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Highs, lows and a controversy or two: Calgary’s mayor reflects on key moments in 2023

An ideal Calgary is one where everybody lives with dignity, the city’s mayor told CTV News Calgary during an end-of-year, sit-down interview.

They have the dignity that comes with being housed.

The dignity that comes with ready access to food.

And the dignity that comes with having a meaningful income and work that they enjoy, as well as access to things like public health care and education.

“To build an ideal city — one that’s equitable for all — requires a lot of co-operation between all three orders of government and partnerships with the private sector as well,” Jyoti Gondek said.

“So I think the one thing that we have to get right is ensuring that we drop the politics and the ideologies and start working together in the interests of the people that we serve.”

It’s been a big year for Gondek and those who sit around the council table at city hall with her, and during her year-end interview, she reflected on some of the highs and lows of 2023, as well as some of the controversies:


Calgarians are going to see a residential property tax increase in 2024 of 7.8 per cent.

In response to property owners who say the city should be tightening its belt as much as they feel they are having to tighten their own these days, Gondek said the tax increase was a necessary thing.

She said the adjustment to what property owners pay is what is needed to ensure they “continue to be able to live with dignity and receive the services that they deserve.”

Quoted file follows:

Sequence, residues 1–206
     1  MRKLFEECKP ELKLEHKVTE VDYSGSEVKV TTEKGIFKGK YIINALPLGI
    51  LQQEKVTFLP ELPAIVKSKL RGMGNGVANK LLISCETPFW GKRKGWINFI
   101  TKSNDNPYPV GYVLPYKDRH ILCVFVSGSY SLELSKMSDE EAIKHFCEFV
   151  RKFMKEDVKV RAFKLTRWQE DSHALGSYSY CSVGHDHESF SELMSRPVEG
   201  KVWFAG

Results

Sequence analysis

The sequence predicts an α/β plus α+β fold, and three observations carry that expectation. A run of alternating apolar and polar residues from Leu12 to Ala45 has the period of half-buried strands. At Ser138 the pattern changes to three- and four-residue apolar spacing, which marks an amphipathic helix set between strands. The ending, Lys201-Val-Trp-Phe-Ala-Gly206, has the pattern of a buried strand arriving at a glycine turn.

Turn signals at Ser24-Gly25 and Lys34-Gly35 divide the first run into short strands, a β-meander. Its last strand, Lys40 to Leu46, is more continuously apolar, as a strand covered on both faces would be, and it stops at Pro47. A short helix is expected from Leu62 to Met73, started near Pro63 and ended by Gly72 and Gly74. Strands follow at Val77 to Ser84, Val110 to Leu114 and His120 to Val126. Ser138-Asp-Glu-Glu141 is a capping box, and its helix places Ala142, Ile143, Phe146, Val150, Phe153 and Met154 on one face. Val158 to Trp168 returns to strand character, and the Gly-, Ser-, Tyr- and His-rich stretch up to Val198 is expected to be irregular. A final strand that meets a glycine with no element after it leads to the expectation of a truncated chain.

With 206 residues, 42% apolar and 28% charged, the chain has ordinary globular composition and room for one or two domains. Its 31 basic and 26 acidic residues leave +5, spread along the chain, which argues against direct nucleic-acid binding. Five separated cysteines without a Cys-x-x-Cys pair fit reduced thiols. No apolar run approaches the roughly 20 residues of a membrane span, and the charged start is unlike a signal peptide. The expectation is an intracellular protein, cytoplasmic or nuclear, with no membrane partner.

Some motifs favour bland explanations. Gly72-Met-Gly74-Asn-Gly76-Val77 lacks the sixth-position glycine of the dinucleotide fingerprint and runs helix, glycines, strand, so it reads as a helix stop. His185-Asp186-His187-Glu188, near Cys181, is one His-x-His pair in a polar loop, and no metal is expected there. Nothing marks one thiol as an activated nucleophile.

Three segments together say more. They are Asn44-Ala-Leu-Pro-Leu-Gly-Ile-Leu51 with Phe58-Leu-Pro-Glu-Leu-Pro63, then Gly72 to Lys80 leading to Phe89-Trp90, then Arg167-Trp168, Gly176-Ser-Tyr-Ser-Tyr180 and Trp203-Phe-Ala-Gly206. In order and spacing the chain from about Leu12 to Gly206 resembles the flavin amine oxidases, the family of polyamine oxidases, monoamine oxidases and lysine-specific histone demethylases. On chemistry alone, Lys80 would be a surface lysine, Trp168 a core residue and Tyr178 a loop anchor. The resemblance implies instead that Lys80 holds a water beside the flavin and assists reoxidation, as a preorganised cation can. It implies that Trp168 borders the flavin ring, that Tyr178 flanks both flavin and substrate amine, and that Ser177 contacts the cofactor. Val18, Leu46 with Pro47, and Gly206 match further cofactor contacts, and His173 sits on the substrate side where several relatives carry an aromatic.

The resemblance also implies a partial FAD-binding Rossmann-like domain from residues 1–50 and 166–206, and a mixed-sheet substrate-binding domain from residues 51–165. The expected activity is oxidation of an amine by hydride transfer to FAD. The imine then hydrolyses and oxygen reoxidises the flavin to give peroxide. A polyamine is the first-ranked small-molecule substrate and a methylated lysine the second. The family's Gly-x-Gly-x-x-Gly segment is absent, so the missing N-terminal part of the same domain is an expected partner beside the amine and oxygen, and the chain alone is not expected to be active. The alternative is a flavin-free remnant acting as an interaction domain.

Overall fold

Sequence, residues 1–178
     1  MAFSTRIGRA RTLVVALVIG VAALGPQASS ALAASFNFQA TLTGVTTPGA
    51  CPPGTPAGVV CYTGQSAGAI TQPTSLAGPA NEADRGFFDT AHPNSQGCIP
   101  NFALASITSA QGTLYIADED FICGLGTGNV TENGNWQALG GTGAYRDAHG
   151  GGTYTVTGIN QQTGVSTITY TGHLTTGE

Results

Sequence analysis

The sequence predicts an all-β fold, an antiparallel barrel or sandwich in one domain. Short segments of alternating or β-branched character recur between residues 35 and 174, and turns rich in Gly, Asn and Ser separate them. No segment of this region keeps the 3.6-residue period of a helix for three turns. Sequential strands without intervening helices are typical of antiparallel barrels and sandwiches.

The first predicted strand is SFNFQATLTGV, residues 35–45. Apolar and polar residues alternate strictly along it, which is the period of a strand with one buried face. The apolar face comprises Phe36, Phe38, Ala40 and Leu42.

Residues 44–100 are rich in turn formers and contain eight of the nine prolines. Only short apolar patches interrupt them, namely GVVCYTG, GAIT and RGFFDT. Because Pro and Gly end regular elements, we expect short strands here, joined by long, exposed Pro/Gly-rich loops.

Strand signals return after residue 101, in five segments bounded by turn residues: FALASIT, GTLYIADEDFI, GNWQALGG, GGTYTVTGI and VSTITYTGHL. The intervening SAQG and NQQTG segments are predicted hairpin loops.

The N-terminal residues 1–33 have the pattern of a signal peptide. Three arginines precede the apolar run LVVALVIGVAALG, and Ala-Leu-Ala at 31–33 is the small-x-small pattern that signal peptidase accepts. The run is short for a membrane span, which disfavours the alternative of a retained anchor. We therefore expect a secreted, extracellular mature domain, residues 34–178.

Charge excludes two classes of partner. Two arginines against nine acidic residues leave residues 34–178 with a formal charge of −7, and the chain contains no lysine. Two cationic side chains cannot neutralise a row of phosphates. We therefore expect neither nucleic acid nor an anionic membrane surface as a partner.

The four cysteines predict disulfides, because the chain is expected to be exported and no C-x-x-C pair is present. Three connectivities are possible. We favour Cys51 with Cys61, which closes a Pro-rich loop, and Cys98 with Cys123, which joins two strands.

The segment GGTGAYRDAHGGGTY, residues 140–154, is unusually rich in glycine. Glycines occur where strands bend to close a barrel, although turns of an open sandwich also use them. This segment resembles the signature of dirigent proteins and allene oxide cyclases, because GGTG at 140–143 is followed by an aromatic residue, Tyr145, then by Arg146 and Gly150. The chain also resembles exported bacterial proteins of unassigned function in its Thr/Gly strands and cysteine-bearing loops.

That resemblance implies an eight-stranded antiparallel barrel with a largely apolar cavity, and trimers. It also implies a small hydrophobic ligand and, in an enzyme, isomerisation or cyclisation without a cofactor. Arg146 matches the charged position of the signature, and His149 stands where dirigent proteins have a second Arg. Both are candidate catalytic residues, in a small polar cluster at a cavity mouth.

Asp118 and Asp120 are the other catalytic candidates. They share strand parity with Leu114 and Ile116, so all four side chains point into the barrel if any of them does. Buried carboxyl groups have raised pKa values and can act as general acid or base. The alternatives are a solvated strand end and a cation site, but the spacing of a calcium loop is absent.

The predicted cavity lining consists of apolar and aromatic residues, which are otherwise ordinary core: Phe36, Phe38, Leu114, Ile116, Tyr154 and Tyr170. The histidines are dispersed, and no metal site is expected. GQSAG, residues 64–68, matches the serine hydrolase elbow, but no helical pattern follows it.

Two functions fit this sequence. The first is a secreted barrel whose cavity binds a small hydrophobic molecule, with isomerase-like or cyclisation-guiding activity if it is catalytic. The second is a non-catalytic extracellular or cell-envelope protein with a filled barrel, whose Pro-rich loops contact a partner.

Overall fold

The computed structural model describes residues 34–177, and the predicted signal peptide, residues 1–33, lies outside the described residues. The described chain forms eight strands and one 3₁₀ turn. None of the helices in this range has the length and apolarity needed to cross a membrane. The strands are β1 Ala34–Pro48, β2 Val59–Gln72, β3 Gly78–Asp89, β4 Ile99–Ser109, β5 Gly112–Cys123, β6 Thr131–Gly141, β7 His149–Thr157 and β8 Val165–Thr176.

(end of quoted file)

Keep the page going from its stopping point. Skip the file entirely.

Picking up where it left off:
And it was clear, she said, “when you think about the things that we invested in.”


Public safety.


“Those were three solid investments that we made and those continue to be our priority into the new year,” she said.

“Unfortunately, what has happened over time, and this is not necessarily an accusation, but it’s highlighting a fact, the federal and provincial governments have offloaded what used to be their responsibility onto municipalities like ours.

“In our particular case, we’re short about $311 million every year and that’s money that we try to find in interest from investments or any kind of operating surplus that wasn’t spent.”

But Gondek noted that is one-time money.

“And we have been using this one-time money for at least the last 10 years and never building it into budget,” she said.

“When you don’t have that to draw on, that becomes problematic.”


The biggest line item is new spending on affordable housing, with a strategy of $90 million in capital funding, $27 million in annual ongoing funding and $54.5 million in one-time funding for 2024.

Gondek said the city is now trying to move as quickly as possible.

The mayor also said the $228 million the federal government awarded the city through the housing accelerator fund “will take us a long way to accomplishing our goals.”

“We are looking at building over 6,000 units with that funding and we have a goal of getting to 35,000 units over the next few years,” she said.

“We are also looking at how we use city-owned land to build more housing as quickly as possible.

“We recently had an amazing announcement, where we’ve got property that’s near the Whitehorn LRT station and another site that’s near Fish Creek-Lacombe where we are going to construct housing for families that are either unhoused or dangerously close to it. We have sent a call out to our partners with an expression of interest.”

Gondek said that will wrap by Jan. 15 and “once that’s in place, we will quickly move towards building those homes for people.”